Don’t say you haven’t got a weaknesses you will look at best arrogant or lacking in self-awareness and at worst a liar. You should also avoid using a skill that is required as part of the job as your weakness.
Who else have you applied to or had interviews with?
This isn’t just the interviewers checking out the competition, they are also looking to see how consistent you are being with your career applications and whether you are genuinely interested in the job on offer. If you have applied to one large real estate agency it is reasonable for the interviewer to assume that you will be applying to them all – what you need to emphasise is that the job for which you are being interviewed is your first choice.
You should make sure that the names of other companies that you give are not from a wildly different sectors; don’t list jobs that are of less interest to you than the one you are being interviewedl nor should you list companies who have rejected you.
Why did you choose your university and what factors influenced your choice?
If in reality you had no choice in the University you ended up in you should steer the conversation round to your choice of course rather than institution. The reality is this question is less about your choice and more about the decision process and your reasoning skills.
What are your strengths?
This question may also turn up as “Tell me about yourself“, “Give me three words that best describe you” or “How would your friends describe you?” This is your chance to sell yourself. Make a list of three or four of your best strengths and try to back them up with examples of where you have had to use them. The trick is to look at the job requirements and tie them into your strengths, whether that is your skills, abilities, experience or personality. Any strengths you have on your list that match the employers requirements are the ones you should promote. Common examples are: team player, great interpersonal skills, dependability, reliability, leadership skills, ability to come up with a solution to a problem etc., etc. Don’t just focus in on university life, or the sports field you should link your answer to examples from as many different parts of your life as you can.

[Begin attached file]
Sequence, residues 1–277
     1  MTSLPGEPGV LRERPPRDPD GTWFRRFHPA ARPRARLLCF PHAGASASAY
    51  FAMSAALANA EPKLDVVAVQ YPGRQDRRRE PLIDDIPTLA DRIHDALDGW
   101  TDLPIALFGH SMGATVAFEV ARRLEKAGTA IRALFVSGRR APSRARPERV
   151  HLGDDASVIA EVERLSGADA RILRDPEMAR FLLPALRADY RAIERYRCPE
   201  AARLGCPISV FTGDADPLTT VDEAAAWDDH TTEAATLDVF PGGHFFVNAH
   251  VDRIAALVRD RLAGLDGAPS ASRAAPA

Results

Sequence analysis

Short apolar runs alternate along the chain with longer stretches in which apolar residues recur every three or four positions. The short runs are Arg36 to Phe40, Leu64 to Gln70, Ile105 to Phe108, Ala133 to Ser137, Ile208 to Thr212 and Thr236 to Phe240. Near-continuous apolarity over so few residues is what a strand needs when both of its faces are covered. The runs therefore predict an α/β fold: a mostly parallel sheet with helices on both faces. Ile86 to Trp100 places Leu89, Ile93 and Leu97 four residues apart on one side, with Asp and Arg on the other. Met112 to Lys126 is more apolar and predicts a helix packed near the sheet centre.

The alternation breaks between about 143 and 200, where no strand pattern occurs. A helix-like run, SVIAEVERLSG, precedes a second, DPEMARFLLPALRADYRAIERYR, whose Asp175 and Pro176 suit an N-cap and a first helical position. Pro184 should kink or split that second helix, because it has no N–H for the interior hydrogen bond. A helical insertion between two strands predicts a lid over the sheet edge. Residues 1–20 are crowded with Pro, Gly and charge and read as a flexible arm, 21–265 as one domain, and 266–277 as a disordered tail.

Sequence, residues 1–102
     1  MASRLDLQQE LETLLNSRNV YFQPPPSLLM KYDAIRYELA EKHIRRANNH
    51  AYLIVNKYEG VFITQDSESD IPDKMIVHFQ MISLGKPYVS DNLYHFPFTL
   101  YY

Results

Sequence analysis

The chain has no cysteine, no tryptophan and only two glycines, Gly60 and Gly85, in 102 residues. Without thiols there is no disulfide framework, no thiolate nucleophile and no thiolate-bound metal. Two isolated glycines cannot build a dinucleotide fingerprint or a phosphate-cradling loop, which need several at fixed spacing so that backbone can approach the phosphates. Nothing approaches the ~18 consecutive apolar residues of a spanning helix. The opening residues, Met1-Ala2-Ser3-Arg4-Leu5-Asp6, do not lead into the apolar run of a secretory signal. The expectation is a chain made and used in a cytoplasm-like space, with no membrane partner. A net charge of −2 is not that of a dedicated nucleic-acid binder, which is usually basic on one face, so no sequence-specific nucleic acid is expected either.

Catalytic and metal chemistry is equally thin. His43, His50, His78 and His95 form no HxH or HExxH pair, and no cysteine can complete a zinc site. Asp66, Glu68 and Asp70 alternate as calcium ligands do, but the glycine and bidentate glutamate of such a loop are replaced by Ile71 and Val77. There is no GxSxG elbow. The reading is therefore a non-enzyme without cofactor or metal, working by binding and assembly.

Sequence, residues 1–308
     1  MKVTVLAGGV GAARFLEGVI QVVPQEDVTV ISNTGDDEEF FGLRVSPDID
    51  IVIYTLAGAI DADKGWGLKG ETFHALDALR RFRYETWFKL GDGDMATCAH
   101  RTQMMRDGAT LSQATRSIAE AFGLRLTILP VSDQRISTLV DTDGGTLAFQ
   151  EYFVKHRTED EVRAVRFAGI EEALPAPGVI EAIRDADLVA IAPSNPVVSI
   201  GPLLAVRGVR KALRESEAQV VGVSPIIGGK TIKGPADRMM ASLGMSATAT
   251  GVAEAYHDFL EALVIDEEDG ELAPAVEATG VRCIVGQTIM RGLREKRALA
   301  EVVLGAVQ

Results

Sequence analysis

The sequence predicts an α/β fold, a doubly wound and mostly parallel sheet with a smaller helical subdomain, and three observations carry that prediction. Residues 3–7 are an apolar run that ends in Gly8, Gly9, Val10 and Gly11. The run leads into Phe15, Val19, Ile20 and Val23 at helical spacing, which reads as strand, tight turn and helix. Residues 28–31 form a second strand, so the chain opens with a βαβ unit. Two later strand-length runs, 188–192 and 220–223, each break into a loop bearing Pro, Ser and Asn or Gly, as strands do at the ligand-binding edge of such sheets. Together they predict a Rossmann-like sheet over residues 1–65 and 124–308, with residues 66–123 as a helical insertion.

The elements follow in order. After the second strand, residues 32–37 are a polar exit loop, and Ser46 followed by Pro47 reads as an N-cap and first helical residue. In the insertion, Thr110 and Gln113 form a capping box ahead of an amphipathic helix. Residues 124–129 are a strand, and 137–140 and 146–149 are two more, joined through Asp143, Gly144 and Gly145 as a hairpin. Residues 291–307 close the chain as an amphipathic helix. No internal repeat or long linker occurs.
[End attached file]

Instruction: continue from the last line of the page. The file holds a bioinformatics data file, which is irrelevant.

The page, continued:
What has been your best achievement?
Unless there are circumstances that make your case special, don’t say getting into uni or getting your degree, you need to distinguish yourself from the other candidates. Once again it should tie into the skills required by the job such as determination, initiative, organisation, or team work. Examples would be things like: Gold Duke of Edinburgh’s Award – especially the expedition and community service parts; organising a fund-raising event; training for and completing a coast to coast cycle ride etc.
Have you got any questions?
At the end of the interview you will probably be asked if you have any questions of your own. If it hasn’t already been discussed, you can ask about the training, arrangements for professional exams and career development. You may even ask whether they pay for your APC training; you shouldn’t however ask how much holidays you’ll get or what the corporate entertainment is like!
Other common questions are:
- Why do you want to join our company?
- What would you do if …….. happened?
- Why did you choose surveying?
- Are you prepared to work anywhere?
- Describe a situation in which you had to use your initiative /resolved a problem / took responsibility.
- What are your hobbies?
- Tell me about your final year research project.
- Describe an event you have had to organise.
- What is your usual role in a team?
- Describe a situation where you had a difficult decision to make.
Remember to smile and maintain eye contact.